This painting of Lord Granville Leveson-Gower dates from 1804-1809 and is part of the YCBA's Paul Mellon Collection
Though it might not sound like an auspicious beginning for a marriage, with Granville's several affairs known to Harry-O, apparently it grew into a strong relationship, as both partners also grew in religious fervor -- along with many of the formerly-loose members of Regency society as the years passed into Victorian sobriety and admiration for moral rectitude. At right, a painting of the happy Granville family by Thomas Phillips. Definitely NOT a Lawrence and not in the exhibition.
Rosamund Hester Elizabeth Pennell Croker, later Lady Barrow (1809-1906) was painted by Lawrence in 1826. When exhibited at the RA in 1827, it was highly praised and often surround by admiring patrons.
In the catalogue essay, Cassandra Albinson writes, "Lawrence felt one could judge artists' skill by how they executed white satin, as in the dress depicted here." I would say this one is very skillful!
Notice that she lived a very long life, reaching the age of 96 or 97.
Lady Selina Meade, later Countess of Clam-Martinics
(?1797-1872 ) was painted in Vienna in 1819 and exhibited at the RA the next year. Observers called attention to the highlights of her pearl earrings and gold headband as perfect compliments to her beauty. Note also the excellence of the white satin. The catalogue contends she had been courted by Lord Granville Leveson-Gower but in 1821 she married an Austrian, Karl Graf von Clam-Martinics.
Julia Beatrice Peel (1821-93) was painted in 1826-28 when she was about 6 years old. Another adorable child, like we saw in my earlier post on this exhibition. One of Lawrence's true gifts was his ability to portray the beauty and innocence of children. Julia Peel was the daughter of Sir Robert Peel (1788-1850) who was Home Secretary at the time of the portrait. Later he served as Prime Minister 1834-35 and again 1841-45. He founded the London police force; they are still called Bobbies, after him. Julia married George Augustus Frederick Child Villiers, who became the 6th Earl of Jersey, so she was another Lady Jersey. This portrait, like that of Leveson-Gower, is shown only at Yale.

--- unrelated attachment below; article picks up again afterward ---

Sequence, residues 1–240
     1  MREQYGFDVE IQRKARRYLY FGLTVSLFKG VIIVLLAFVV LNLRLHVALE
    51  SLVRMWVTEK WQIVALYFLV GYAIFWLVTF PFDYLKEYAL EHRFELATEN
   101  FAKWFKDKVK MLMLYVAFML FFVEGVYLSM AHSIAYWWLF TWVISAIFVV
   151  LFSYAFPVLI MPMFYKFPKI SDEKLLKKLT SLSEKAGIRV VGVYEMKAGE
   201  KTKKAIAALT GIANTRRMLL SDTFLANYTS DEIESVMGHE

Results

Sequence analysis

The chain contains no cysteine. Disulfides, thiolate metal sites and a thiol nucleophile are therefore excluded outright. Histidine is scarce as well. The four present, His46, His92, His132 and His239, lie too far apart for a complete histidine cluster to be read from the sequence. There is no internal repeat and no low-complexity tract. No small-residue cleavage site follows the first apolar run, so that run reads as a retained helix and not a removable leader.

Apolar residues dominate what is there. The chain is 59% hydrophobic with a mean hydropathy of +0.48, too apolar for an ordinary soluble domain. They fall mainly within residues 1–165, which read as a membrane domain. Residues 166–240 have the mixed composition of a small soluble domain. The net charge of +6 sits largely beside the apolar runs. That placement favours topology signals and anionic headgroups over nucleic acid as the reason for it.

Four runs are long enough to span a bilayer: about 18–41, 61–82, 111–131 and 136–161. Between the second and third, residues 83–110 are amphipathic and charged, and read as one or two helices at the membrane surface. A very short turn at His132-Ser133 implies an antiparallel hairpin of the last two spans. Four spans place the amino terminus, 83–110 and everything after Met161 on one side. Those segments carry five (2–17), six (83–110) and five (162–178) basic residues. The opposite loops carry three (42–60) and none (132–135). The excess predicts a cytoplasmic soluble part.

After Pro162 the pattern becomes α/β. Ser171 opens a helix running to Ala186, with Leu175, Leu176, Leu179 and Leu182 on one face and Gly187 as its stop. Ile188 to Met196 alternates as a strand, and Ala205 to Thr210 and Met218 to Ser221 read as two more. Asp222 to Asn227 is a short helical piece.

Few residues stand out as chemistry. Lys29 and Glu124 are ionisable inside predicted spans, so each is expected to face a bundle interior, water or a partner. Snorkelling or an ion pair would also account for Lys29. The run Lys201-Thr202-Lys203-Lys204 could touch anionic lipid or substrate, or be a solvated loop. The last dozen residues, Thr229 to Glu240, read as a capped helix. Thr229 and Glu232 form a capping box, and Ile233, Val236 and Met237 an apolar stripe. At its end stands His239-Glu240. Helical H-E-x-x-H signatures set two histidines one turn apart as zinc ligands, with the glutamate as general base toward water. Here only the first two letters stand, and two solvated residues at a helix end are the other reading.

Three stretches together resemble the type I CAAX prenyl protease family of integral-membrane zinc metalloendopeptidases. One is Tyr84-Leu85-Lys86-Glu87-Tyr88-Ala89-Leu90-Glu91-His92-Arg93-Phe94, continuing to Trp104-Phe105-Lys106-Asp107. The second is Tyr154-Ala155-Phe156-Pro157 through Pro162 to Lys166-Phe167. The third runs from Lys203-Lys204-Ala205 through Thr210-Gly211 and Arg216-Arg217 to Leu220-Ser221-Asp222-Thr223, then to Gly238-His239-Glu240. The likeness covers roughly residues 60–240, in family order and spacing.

William Wilberforce (1759-1833) is the man who campaigned for more than twenty years to end the slave trade, which was accomplished in 1807. In 2006, there was an excellent movie about his life, titled Amazing Grace. I recommend it; though it has a few historical inaccuracies, the gist is correct. Making up for any deficiencies in the facts are the excellent performances by a fine cast: Ioan Gruffudd as Wilberforce, Romola Garai as Barbara Spooner, Benedict Cumberbatch as William Pitt the Younger, Albert Finney as John Newton (who wrote the famous hymn), Michael Gambon as Charles James Fox (who actually died before the bill passed), and Rufus Sewell as Thomas Clarkson.
Here is a final self portrait by Lawrence, painted in 1825, five years before his death. Like the Wilberforce and many other of his canvasses, it was unfinished. Lawrence left a huge number of semi-completed pictures in his Russell Square studio some of which had already been paid for. He also left numerous debts.
I would never presume to be able to divide the pictures into the two categories of the Power and the Brillliance, but I almost have done so in this post -- the Brilliance. And in my third post, I will concentrate on the Power. Stay tuned. And just to remind you of how lucky I was to have a fellow writer as a companion, here is a repeat of us in front of the exhibition, Diane Gaston on the right.
Labels: Artists, Victoria Hinshaw, Yale Center for British Art